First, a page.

Julia Ward Howe

One of the First Feminists in the United States Julia Ward Howe, little known today except as author of The Battle Hymn of the Republic, was famous in her lifetime as a poet, essayist, lecturer, reformer and biographer. She worked to end slavery, helped to initiate the women’s movement in many states, and organized for international peace – all at a time, she noted, “when to do so was a thankless office, involving public ridicule and private avoidance.” Image: Portrait of Julia Ward Howe By John Elliott and William Henry Cotton Julia Ward was born in New York City on May 27, 1819, the fourth of seven children born to Samuel Ward and Julia Rush Cutler Ward. Her father was…

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Martha Wright

Abolitionist and Women’s Rights Activist Martha Wright was a feminist and abolitionist in the Civil War Era, and sister of women’s rights leader Lucretia Mott. In July 1848, while Mott was visiting Martha’s home in Auburn, New York, the sisters met with Elizabeth Cady Stanton in nearby Seneca Falls to discuss the need for greater rights for women. Within a few weeks, they held the First Women’s Rights Convention in Seneca Falls. Image: Public relations portrait of Wright that was used in the book, History of Woman Suffrage, by Susan B. Anthony and Elizabeth Cady Stanton, Volume I, published in 1881. Martha Coffin was born in Boston, Massachusetts, on December 25, 1806, the youngest of eight children born to Quakers…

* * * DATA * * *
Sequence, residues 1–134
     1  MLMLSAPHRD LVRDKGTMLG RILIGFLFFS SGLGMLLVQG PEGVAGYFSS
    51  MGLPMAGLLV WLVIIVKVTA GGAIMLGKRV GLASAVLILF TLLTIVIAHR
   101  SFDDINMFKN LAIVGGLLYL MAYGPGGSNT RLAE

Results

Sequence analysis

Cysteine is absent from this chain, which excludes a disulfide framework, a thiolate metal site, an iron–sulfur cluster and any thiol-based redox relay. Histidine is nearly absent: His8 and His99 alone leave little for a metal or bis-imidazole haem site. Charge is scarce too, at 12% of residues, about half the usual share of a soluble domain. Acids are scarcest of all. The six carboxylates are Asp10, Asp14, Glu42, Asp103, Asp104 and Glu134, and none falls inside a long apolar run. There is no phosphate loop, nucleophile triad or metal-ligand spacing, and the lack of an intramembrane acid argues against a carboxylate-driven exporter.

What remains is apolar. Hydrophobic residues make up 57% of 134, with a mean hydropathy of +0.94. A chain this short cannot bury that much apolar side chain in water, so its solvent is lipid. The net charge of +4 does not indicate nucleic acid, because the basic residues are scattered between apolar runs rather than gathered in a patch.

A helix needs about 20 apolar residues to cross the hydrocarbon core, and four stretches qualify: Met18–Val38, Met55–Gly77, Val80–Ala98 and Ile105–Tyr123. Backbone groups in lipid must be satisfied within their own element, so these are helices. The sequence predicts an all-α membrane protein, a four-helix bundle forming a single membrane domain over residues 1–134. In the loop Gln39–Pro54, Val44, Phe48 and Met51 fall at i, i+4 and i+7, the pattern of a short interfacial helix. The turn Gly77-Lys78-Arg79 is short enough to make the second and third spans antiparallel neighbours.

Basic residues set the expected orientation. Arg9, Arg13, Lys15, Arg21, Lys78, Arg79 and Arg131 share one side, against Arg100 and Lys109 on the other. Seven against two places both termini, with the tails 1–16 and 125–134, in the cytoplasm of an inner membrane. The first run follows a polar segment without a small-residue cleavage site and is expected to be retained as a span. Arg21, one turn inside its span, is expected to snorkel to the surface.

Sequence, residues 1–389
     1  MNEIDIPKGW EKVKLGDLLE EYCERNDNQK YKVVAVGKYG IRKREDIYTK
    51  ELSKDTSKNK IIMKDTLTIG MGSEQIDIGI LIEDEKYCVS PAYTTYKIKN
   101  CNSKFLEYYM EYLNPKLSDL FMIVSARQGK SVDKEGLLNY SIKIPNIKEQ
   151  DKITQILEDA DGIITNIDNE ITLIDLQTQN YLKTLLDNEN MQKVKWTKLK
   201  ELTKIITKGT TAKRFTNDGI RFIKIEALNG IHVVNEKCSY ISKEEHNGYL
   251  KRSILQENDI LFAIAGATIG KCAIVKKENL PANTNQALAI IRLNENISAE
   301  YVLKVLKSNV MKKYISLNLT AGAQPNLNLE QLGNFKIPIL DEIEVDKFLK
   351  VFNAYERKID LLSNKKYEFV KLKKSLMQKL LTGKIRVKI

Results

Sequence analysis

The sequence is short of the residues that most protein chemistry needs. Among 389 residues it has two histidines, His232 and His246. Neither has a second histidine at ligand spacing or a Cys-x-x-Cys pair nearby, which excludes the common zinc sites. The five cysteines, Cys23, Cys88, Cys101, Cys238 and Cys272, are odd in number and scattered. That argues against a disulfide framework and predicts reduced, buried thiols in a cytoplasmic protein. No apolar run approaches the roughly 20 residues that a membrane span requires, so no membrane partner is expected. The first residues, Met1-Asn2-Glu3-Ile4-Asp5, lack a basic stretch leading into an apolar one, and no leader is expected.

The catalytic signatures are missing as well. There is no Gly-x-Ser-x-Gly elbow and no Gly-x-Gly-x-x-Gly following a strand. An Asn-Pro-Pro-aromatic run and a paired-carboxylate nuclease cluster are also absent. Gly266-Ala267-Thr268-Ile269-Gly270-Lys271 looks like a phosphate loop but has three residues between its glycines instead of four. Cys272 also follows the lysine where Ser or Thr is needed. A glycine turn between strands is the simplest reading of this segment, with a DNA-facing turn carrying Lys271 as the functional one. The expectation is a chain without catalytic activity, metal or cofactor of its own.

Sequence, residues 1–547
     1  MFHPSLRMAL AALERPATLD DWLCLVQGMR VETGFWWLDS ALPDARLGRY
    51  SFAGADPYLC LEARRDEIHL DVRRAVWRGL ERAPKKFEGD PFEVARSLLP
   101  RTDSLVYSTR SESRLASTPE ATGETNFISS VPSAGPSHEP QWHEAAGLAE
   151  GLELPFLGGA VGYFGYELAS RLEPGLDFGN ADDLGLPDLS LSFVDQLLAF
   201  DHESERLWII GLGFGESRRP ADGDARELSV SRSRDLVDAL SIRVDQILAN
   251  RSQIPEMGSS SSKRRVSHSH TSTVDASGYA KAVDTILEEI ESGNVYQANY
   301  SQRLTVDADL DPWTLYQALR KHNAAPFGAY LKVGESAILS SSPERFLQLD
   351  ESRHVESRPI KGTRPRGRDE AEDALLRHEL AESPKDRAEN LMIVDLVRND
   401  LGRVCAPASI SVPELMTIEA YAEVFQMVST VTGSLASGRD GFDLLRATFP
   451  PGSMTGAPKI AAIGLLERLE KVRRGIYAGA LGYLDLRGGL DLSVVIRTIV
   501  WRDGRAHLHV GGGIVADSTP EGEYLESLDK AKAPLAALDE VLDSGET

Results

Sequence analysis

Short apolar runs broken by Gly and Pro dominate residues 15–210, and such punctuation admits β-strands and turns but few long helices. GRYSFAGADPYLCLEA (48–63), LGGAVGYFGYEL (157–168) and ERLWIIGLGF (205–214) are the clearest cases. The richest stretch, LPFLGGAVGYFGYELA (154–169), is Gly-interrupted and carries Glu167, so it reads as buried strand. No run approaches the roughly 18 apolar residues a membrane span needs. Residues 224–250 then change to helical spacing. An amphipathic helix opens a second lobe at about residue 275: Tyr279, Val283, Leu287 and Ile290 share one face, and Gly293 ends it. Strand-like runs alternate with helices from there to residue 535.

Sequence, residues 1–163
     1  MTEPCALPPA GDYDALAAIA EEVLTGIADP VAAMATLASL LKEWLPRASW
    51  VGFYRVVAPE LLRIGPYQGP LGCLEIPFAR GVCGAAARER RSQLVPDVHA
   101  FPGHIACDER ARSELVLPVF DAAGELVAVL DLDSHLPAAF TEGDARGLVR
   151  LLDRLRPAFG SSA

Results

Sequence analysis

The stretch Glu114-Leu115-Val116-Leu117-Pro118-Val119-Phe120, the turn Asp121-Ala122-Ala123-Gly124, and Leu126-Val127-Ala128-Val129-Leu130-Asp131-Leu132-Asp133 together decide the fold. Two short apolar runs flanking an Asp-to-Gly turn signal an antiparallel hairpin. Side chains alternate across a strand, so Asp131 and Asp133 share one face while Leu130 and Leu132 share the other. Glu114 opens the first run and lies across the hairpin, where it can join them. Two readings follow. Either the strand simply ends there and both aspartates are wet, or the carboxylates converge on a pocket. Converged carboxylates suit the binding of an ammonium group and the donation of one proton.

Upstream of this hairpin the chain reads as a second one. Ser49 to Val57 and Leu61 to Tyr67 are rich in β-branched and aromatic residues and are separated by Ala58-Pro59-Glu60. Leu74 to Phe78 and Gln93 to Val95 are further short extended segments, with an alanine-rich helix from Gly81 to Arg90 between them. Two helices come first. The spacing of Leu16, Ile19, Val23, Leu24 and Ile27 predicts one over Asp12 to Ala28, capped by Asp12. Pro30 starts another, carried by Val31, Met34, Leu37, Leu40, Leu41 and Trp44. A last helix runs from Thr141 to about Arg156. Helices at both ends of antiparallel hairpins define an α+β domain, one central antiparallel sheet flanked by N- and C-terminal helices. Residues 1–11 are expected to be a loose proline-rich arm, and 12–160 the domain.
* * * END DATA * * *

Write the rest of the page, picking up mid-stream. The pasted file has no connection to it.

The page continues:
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Theodosia Bartow Prevost Burr

Theodosia Burr

Wife of Vice President Aaron Burr In 1763 Theodosia Bartow married James Marcus Prevost, a British Army officer with whom she had five children. They lived in Bergen County, New Jersey, in a home they named the Hermitage. In 1776 James Marcus was called back to active duty in the Revolutionary War, while Theodosia tried to keep their home from being confiscated by the American government. Meanwhile she began a relationship with a young American officer named Aaron Burr. After her husband’s death in 1781, 35-year-old Theodosia Prevost, with five children, married 25-year-old Aaron Burr. Childhood and Early Years Theodosious Bartow died in a carriage accident in Shrewsbury, New Jersey, in 1746 at age 34, while his wife Ann was…

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Abigail Adams